With 63 minutes played in Japan's World Cup opener against Germany on Wednesday, Antonio Ruediger high-stepped as he ushered the ball over the goal line while Takuma Asano sprinted vainly in pursuit.
The Real Madrid player's showboating was a sign of the German team's confidence, and perhaps the lack of respect they had for the threat Japan had posed to that point.
But 20 minutes later, it was Asano whose toes were twinkling after smashing home the winning goal for Japan.
In contrast to Ruediger, Samurai Blue midfielder Daichi Kamada said he and his teammates showed too much respect and they were only able to take the initiative when they played with bravery.
The players will rightly get much of the credit for turning the tide of the game, but they were put in a position to do so by Japan manager Hajime Moriyasu's tactical moves that allowed Japan to secure a 2022 World Cup upset to rival Saudi Arabia's defeat of Argentina a day earlier.
At halftime, he inserted Arsenal defender Takehiro Tomiyasu for midfielder Takefusa Kubo to plug the right side of defense that had been under assault by David Raum and others, then changed formation, putting three at the back and allowing his veteran wing-backs Yuto Nagatomo and Hiroki Sakai to push up in attack.
Wataru Endo described it as "almost like five at the back," saying it allowed them to understand their roles more clearly in the midfield and up the aggression.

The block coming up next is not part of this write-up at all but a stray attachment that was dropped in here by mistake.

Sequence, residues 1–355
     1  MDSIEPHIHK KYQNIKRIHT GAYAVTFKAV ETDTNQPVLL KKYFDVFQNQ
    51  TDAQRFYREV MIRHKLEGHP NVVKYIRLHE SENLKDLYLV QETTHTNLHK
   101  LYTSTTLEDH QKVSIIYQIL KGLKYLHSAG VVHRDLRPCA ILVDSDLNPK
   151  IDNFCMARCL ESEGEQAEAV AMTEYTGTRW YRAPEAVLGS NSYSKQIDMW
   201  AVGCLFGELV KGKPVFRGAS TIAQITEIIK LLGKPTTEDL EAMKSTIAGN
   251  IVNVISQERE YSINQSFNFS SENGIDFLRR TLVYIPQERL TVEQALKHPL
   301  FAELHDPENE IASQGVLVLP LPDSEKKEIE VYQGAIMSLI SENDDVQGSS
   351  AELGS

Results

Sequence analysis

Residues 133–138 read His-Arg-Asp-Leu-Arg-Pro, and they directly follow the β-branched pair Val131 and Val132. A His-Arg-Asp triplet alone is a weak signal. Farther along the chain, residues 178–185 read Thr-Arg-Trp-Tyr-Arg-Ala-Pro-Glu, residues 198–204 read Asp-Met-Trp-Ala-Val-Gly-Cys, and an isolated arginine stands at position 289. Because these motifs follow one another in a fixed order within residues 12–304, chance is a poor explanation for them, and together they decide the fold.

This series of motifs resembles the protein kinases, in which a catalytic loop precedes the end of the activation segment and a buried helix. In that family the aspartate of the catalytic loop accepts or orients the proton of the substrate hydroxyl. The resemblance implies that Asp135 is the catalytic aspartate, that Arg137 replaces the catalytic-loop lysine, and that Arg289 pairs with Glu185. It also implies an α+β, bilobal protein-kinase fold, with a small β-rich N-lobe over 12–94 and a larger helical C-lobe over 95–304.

The formation change was combined with a slew of subs as the former Sanfrecce Hiroshima boss sent on Kaoru Mitoma and Asano, and a little over 10 minutes later Ritsu Doan and Takumi Minamino.
The change slowed an until-then rampant but tiring Germany and gave Japan a platform, and a group of speedy young World Cup debutants, to use in attack.
Before the match, several Japanese players had spoken about the Germans having a possible weakness in defense, while Germany manager Hansi Flick had repeatedly praised the Japanese players' technical ability.
Those factors combined in both goals. In the first, Brighton & Hove Albion's Mitoma surged forward and found a free Minamino, with the Monaco player putting in a powerful cross that forced German keeper Manuel Neuer to parry into Doan's path.
The Freiburg winger took his chance with his left foot, and Japan were in the game.
"I went on to the pitch telling myself there's no one but me who can do it, (I was) very determined," Doan said.
The second goal was all Asano.
The Bochum man skillfully controlled a long ball with one touch and sprinted off toward goal, holding the towering Nico Schlotterbeck off with his left arm and then slamming the ball between Neuer and his near-post with his right foot.
He said he went on determined to shoot at every opportunity, and it paid off.
In both goals, the German defense lacked urgency, giving Japan the space to strike, and they were good enough to do so.
Looking forward, Moriyasu must ensure this golden opportunity is not wasted through a sub-par performance against Costa Rica on Sunday, with a win almost guaranteeing Japan will reach the round of 16 for the second consecutive World Cup, a feat they have never achieved before.
"We won't be overly swinging from joy to sorrow, we'll look back at things that need to be looked at and aim for the win at the next game," Moriyasu said.
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